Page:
An immersive regenerative travel experience for visitors.

Auckland’s The Hotel Britomart is setting up a new form of tourism for its guests, catering for the growing number of travellers concerned about people-positive travel, forging deeper human connections, as well as considering the environmental and social impacts of their travel. 

Connecting with local communities, learning about local cultures, and harnessing authentic experiences are all key for travellers now, says the hotel’s General Manager, Clinton Farley – and the hotel’s unique experience will allow guests to engage in a half day immersive conservation activity at a native forest farm during their stay. 

It will be a modest contribution to offset the carbon emissions from their travel, fostering a sense of community engagement, environmental responsibility, and enriching knowledge and experiences for guests. In doing so, it contributes to a broader awareness and commitment to sustainable practices.

The hotel is New Zealand’s first 5 Green Star-rated hotel and is exploring opportunities for guests to visit a native forest farm (Velskov, with 10 acres of native regenerating forest), located about 30km west of the Auckland CBD near the small settlement of Huia on the Manukau Harbour.  

“The purpose is to educate guests about the importance of regenerating New Zealand forests,” says Farley. “Hopefully they will gain a better understanding of this and take that knowledge back home. 

“They’ll not only get a chance to plant a tree themselves but engage in forest cuisine, learning about traditional Māori herbs and plants, as well as local customs – and they’ll travel there in an electric-powered van.”    

Farley says the concept - called regenerative travel - is a response to a growing trend among travellers and tourists who, aware of the impact their travel has on the environment, are looking for hotels to stay where they can be involved and contribute towards the local community. 

“Hotels and our wider tourism industry have an important part to play in sustainability and regenerative travel is an important space for us. We see it as an opportunity to help our guests learn more about sustainability and give back in a small way to the communities they are visiting.” 

“Many are conscious of issues around sustainability and the carbon impact of travelling and are considering how they can offset that, whether it be through environmental or social good,” he says. “Being located at the bottom of the globe makes it a particular challenge for us in New Zealand because of the transport miles it takes to get here and the carbon emissions associated with that.”

With the launch scheduled for mid-year, Farley says there may be other sustainable and regenerative options for guests as well. “We have charities we partner with, so it may be about looking at some of those organisations and whether guests could get involved in their community impact or environmental work while staying with us.”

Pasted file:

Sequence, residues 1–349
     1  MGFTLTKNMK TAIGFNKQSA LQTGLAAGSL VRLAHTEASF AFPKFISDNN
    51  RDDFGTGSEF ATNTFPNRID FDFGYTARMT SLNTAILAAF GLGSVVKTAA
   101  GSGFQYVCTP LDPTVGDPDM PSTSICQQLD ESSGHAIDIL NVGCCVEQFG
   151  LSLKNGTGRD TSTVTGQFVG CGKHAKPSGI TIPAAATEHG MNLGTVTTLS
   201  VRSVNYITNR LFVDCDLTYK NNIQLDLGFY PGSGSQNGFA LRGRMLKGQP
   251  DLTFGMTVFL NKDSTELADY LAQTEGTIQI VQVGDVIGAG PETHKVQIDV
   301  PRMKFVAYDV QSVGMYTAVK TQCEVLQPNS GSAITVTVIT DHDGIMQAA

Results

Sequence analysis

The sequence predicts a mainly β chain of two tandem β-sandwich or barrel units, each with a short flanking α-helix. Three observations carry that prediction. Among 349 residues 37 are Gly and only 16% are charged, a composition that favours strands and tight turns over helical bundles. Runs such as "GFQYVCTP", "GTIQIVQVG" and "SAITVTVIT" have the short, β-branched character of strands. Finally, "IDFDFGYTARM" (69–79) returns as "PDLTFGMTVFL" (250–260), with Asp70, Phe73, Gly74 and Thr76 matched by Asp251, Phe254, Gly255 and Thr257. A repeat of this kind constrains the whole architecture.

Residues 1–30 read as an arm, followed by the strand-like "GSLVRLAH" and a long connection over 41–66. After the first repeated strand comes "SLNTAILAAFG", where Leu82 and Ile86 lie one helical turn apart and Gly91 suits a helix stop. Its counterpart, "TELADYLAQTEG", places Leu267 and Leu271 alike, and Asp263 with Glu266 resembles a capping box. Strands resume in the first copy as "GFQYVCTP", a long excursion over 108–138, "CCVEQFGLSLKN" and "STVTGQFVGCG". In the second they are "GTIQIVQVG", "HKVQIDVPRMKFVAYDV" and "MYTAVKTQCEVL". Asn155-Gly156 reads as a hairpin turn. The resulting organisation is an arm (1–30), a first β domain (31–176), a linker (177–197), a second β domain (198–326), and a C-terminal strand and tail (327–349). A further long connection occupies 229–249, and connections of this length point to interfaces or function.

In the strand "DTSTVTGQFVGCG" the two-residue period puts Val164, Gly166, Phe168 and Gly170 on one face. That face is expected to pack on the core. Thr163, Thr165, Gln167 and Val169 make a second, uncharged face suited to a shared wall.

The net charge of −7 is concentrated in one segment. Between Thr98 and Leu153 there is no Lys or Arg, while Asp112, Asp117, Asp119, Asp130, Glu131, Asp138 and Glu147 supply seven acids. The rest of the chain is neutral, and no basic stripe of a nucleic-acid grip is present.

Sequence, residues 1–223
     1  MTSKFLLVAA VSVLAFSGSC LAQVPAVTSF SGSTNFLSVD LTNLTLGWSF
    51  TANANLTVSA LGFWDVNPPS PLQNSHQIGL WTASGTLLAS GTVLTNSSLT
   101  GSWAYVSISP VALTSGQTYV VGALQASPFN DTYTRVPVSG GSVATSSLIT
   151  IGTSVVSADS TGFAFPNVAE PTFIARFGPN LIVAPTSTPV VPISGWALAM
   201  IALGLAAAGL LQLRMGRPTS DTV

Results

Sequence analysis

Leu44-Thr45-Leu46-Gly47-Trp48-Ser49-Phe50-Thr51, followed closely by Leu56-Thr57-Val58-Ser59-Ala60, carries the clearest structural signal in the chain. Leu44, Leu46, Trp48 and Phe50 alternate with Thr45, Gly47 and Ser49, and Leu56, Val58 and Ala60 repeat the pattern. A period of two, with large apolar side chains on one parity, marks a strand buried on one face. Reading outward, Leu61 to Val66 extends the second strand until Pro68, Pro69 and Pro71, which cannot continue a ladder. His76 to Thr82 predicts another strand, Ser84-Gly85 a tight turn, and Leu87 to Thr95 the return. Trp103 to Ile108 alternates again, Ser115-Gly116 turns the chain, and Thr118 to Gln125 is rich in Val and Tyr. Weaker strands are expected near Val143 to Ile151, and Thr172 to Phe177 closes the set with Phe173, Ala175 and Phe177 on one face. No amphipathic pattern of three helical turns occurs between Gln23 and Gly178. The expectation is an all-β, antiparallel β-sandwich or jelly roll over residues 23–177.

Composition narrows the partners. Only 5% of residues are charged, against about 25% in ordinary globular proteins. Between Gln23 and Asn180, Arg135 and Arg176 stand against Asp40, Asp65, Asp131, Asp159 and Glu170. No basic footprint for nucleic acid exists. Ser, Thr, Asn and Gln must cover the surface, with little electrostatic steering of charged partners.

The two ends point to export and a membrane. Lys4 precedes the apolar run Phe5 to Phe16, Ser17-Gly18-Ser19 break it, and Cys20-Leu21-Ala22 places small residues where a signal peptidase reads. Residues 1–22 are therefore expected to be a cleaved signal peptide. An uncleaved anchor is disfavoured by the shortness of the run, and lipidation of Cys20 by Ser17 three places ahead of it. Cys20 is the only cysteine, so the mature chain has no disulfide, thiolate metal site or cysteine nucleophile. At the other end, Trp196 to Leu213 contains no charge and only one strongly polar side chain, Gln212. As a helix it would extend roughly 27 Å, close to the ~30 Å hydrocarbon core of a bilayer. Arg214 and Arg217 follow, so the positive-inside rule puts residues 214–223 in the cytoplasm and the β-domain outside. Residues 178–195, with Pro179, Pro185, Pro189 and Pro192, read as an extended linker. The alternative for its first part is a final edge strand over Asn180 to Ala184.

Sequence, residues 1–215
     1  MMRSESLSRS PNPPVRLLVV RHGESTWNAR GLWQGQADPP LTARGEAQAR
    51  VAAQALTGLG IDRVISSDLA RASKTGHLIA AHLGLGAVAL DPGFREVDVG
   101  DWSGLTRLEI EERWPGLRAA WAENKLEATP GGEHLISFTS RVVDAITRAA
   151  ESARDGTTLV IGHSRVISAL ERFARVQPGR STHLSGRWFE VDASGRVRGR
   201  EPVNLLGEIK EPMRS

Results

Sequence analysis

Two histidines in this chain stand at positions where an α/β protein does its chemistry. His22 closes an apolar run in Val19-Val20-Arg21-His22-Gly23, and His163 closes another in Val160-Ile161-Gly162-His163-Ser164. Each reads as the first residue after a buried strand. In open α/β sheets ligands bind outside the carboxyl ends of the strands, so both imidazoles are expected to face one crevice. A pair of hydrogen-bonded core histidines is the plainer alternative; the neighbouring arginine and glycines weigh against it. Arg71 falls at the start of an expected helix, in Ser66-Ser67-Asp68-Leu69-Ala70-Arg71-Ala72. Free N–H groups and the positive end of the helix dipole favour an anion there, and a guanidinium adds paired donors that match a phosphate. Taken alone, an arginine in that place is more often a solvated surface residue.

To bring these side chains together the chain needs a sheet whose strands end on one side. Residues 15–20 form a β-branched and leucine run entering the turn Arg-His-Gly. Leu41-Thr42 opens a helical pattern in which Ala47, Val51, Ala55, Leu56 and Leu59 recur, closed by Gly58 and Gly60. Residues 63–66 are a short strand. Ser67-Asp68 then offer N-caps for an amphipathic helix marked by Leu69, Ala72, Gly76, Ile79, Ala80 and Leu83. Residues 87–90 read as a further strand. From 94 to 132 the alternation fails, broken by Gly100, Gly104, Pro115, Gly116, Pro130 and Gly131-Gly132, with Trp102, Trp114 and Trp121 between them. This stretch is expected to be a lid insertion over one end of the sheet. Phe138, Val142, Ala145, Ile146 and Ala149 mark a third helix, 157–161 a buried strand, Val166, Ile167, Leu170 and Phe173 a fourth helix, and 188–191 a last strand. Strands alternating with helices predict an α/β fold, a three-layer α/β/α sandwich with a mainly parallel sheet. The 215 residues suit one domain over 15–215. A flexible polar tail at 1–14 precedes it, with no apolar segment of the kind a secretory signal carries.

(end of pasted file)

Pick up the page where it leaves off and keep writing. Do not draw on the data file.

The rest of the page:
Regenerative travel is one part of The Hotel Britomart’s sustainability story. Rated 5 Star Green by the New Zealand Green Building Council following its opening in 2020, the hotel has been designed to incorporate many sustainable principles such as energy-efficient buildings, natural light utilisation and eco-friendly materials. 

But, Farley says, it’s not just about the build: “It’s as much about an ongoing journey so that every aspect of design, architecture, procurement, operations and local impact contribute to creating a truly sustainable business. 

“The first accreditation (Green Star rating) was because of our design and construction, but this now flows through to the day-to-day operations, how we’re managing energy, water, waste streams and overall business efficiencies to reduce our impact.” 

As well as the native forest farm visit, the hotel has introduced another sustainable meetings programme in which a native tree will be planted at The Landing - the hotel’s sister property in the Bay of Islands - for every 10 guests who take part in a meeting or conference at The Hotel Britomart. Over the last year this has further extended to a native tree planted for every guest stay that chooses a “green clean”, light-service of their room. 

Last year 1200 trees were planted and the hotel team expects this number to significantly increase in the years ahead. 

“Online figures suggest that once established, trees absorb on average 20-25kg of carbon a year, meaning this year’s planting will absorb between 22 and 27.5 tonnes of carbon,” Farley says. 

The area of land set aside for this project has a stream running through it and was converted to pasture decades ago. The planting will return cover and stability to the stream area and allow native species to return and flourish, while keeping grazing stock away from the waterway. 

The Hotel Britomart is also an accredited Toitū carbon reduction business. To maintain this status, the hotel is required to show year-on-year reduction in carbon emissions, for which they monitor monthly. 

In other sustainable moves, the hotel aims to continue the reduction of single-use plastics and has established a relationship with a new rental car company with a good supply of electric vehicles (EVs). These are recommended in the first instance to hotel guests as are EV taxis through another relationship. 

Farley says other global initiatives likely to hit our shore in the next few years will be self-drive EV vehicles or air taxis:  “I think we’ll also see more sustainable energy sources such as solar and wind installations as we head towards our national goals (the government’s goal of net zero greenhouse gas emissions by 2050) and there may be more emerging technologies in the virtual reality space which will challenge the industry in new ways.” 

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